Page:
Khan-do spirit

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These days, 'Who is Omar Khan?" is the most-prequently-asked question in Winnipeg theatre.

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Hey there, time traveller!
This article was published 02/02/2008 (5310 days ago), so information in it may no longer be current.

These days, ‘Who is Omar Khan?” is the most-prequently-asked question in Winnipeg theatre.

When the applause dies down following the potent MTC Warehouse production of David Mamet’s Glengarry Glen Ross, the inquiries begin as to the identity of the mystery man who portrays shark-like real estate salesman Ricky Roma. Khan is such a revelation that it was taken for granted that he must be from out of town.

Not true.

Khan is a lifelong Winnipegger with an extremely strange career arc. He finished a four-year acting program at the University of Winnipeg in 1990 but only showed up for his first audition last year. Today, this 40-year-old theatrical virgin is over-the-moon about his first fling with stage glory.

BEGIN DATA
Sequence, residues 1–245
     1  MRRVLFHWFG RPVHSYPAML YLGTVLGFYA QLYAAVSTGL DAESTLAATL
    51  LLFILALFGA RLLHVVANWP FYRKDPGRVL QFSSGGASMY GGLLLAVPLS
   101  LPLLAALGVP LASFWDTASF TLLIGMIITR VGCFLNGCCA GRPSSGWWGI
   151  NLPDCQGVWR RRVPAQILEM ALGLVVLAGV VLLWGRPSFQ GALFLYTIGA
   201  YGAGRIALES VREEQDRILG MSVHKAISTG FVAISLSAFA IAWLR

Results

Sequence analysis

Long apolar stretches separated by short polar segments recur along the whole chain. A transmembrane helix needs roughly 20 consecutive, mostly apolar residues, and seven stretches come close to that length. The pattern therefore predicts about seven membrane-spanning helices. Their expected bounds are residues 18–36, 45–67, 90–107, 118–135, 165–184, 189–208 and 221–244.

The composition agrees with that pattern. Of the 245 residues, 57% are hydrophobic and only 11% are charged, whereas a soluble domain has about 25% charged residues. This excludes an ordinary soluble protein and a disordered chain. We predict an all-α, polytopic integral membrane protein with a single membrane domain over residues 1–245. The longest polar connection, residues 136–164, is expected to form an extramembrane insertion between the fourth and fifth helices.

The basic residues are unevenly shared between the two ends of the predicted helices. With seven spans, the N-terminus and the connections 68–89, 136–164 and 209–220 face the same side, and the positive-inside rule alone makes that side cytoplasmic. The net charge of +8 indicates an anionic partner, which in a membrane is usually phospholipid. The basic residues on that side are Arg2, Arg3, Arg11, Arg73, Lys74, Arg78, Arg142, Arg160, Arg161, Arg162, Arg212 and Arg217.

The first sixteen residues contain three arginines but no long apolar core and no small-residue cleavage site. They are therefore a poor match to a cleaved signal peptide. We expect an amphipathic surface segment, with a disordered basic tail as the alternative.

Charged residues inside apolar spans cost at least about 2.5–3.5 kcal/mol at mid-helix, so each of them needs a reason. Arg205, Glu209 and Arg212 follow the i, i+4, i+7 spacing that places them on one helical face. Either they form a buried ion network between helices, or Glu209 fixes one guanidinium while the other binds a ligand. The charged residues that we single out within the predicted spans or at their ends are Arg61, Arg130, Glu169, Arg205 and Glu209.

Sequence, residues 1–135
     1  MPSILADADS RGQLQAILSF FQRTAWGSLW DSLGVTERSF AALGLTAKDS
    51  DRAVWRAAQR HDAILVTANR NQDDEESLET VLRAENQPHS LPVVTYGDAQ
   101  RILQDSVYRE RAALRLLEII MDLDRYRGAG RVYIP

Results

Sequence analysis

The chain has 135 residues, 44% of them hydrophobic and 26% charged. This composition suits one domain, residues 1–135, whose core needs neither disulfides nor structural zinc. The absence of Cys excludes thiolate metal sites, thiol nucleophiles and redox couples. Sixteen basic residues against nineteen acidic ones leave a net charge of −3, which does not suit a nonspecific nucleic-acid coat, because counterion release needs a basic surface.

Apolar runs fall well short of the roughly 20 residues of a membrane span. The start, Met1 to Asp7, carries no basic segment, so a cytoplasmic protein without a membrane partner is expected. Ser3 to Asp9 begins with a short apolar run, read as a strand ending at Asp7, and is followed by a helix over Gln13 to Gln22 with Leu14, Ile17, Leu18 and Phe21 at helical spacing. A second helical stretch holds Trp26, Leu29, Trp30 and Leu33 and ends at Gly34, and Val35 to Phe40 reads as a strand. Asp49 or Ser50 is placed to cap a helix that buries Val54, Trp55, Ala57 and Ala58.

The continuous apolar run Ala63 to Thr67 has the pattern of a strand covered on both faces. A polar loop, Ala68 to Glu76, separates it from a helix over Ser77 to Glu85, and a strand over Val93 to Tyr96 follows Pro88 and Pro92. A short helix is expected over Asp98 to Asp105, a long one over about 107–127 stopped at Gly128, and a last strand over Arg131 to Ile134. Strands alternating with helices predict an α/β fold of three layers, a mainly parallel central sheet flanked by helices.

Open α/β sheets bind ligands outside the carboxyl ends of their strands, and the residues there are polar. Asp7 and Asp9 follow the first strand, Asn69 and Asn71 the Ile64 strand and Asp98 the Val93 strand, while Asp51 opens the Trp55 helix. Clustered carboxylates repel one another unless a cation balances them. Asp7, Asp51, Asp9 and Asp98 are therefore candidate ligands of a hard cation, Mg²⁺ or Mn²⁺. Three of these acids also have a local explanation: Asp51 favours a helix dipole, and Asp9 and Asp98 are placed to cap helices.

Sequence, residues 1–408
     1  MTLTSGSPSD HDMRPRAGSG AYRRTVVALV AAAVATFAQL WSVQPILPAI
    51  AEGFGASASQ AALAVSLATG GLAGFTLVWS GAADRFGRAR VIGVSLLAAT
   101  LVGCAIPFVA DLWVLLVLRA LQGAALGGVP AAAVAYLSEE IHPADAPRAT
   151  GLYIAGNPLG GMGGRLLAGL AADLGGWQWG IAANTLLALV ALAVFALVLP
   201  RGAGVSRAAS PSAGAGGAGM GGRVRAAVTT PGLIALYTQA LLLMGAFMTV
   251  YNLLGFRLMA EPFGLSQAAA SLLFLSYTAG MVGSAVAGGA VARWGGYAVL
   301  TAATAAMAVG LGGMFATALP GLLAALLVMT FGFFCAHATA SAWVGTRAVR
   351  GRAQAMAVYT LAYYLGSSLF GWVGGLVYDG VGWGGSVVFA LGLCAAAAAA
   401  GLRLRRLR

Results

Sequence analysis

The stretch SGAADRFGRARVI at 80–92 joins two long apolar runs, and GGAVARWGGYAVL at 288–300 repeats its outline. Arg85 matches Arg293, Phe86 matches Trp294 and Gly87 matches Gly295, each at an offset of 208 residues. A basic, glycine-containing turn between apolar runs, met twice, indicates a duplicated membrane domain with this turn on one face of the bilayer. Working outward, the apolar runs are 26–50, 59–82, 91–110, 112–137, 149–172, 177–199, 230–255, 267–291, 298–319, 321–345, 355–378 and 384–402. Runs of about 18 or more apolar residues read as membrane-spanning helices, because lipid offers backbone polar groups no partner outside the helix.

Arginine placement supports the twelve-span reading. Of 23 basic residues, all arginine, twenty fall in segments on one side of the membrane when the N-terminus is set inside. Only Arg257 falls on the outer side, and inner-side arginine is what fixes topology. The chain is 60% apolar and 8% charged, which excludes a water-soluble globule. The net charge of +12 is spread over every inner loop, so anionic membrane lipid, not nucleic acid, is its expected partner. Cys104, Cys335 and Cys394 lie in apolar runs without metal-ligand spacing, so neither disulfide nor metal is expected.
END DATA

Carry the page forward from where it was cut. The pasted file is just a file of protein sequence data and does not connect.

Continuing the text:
“It was wild to stand on stage in a David Mamet play, a Pulitzer Prize-winning play, and look out at the biggest crowd I had ever played in front of,” said Khan during an interview earlier this week. “I’m 20 years late, but that’s what makes it even sweeter.

“Life begins at 40. That seems to be true in my case.”

The list of his professional acting credits boasts a single entry: The supporting roles of Morocco and Lorenzo in the city’s first professional production of The Merchant of Venice, presented last spring by Shakespeare in the Ruins. Curiously, his second, as Glengarry Glen Ross‘s acid-tongued con man, is also in a play making its Winnipeg debut.

“Of course I am surprised by Omar’s performance,” says his dressing roommate Harry Nelken, who heads the all-Winnipeg cast directed by local Tony Award winner Len Cariou. “More surprising than could he do it is how he’s doing it. He’s so cool out there. He’s approaching it like a seasoned actor.”

Khan finds it hard to believe that anyone would ever describe him like that. To explain, he remembers being part of U of W’s graduating acting class with the likes of Lora Schroeder, Paul Gray and Michael Lawrenchuk. He, Gray and another wannabe actor, Douglas Livingston, co-wrote and performed a play called Cusp at the 1990 Winnipeg Fringe Festival.